The World Bank has provided Kenya with an additional Ksh85 billion ($750 million) in funding to aid in the country’s economic recovery from the pandemic.
The money, dubbed the Development Policy Operation (DPO) fund, will help the country strengthen its sustainability through reforms that are hoped to contribute to greater transparency and anti-corruption efforts.
“The government’s reforms supported by the DPO help reduce fiscal pressures by making public spending more efficient and transparent, as well as by lowering the fiscal costs and risks from key state-owned entities,” said Alex Sienaert, senior economist at the World Bank.
This is the second installment of a two-part loan series that began in 2020 with the goal of providing Kenya with low-cost budget financing while also implementing institutional and policy reforms.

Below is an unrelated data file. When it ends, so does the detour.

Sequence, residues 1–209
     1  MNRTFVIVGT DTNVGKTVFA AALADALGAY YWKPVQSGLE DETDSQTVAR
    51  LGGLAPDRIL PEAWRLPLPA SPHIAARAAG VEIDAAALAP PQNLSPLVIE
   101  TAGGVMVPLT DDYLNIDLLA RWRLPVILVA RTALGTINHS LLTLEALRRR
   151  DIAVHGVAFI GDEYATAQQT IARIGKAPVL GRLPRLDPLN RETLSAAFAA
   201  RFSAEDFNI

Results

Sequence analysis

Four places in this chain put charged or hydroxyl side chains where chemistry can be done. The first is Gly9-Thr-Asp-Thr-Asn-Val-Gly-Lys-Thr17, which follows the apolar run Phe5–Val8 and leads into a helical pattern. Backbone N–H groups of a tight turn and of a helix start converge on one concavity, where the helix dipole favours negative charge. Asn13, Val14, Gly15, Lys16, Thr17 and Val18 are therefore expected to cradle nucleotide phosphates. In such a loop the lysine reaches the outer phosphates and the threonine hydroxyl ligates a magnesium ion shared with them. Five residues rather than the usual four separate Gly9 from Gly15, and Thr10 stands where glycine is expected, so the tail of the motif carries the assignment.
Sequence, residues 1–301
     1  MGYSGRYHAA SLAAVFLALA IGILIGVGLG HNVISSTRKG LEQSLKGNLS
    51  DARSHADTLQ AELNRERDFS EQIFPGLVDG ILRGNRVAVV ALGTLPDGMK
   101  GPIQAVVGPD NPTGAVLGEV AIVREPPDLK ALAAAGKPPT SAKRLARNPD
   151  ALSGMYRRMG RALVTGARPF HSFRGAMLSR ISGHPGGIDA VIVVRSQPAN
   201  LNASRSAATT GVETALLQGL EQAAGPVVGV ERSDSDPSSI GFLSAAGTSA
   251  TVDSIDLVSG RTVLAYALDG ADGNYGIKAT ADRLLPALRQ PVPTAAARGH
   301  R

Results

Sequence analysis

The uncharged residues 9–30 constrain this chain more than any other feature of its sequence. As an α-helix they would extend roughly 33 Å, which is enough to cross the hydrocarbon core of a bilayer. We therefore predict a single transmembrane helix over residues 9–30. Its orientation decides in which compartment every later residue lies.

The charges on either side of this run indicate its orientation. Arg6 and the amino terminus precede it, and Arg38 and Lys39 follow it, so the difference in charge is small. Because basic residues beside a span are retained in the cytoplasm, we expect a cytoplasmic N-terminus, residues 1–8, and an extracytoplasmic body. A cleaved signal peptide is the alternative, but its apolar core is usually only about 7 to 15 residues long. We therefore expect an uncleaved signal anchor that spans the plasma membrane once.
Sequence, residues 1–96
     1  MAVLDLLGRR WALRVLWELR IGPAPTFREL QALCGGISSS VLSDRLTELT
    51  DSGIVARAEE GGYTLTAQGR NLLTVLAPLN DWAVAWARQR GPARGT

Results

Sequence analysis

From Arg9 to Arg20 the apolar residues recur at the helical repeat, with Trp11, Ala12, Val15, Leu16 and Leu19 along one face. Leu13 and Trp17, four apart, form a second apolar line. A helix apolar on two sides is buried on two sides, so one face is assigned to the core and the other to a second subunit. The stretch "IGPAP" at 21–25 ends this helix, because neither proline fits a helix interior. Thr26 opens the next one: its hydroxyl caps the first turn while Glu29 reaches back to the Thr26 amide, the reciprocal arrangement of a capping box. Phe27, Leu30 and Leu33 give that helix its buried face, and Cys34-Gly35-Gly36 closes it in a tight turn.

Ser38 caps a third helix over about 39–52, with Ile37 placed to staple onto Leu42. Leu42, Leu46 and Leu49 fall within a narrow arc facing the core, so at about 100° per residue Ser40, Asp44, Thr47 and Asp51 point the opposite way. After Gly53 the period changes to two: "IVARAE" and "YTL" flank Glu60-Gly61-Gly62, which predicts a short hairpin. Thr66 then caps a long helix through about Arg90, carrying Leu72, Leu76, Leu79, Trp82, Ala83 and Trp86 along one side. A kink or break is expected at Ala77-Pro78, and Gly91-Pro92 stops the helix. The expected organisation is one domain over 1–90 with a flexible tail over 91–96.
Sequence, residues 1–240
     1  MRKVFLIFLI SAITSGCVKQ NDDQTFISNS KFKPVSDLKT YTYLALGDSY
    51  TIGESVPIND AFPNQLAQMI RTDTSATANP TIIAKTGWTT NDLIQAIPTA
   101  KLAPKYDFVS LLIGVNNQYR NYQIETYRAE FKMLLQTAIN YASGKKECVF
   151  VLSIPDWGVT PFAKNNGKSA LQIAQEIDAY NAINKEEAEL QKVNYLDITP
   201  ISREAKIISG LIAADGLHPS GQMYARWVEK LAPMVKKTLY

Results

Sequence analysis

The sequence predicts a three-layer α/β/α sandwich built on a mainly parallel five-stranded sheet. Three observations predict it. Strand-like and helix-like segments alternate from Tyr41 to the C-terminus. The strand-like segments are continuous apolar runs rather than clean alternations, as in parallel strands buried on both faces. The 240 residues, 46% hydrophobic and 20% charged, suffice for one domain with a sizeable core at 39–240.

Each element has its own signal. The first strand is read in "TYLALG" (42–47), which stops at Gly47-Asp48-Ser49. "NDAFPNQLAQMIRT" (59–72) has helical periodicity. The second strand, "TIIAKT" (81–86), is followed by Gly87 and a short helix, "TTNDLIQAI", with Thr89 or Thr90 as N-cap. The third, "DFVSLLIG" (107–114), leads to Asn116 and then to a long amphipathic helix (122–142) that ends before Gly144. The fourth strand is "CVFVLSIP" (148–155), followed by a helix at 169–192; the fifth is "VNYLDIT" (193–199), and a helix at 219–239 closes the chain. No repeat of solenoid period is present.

In addition to using program funds, Kenya is expected to implement reforms such as promoting transparent and efficient spending, investing in green energy, and constructing governance structures.
Previously, as part of the DPOs’ fiscal management reforms, public procurement was transferred to a new electronic platform to reduce the possibility of corruption.
The loan proceeds are expected to strengthen Kenya’s store of usable foreign currency, which serves as a significant cushion for the shilling in the payment of external debt alongside utilities.
Kenya has already received its fourth DPO loan, bringing the total amount borrowed to Ksh371.8 billion ($3.25 billion).
The total annual interest cost of the loan in Kenya is 3%, which is a reasonable rate when compared to commercial loan interest rates.
Kenya, in addition to the World Bank, is a participant in an ongoing program with the International Monetary Fund (IMF).
The country is expected to receive Ksh 267.7 billion ($2.34 billion) from the IMF by June 2024.
Kenya has accessed Ksh111.3B (US$972.6B) as of December 2021.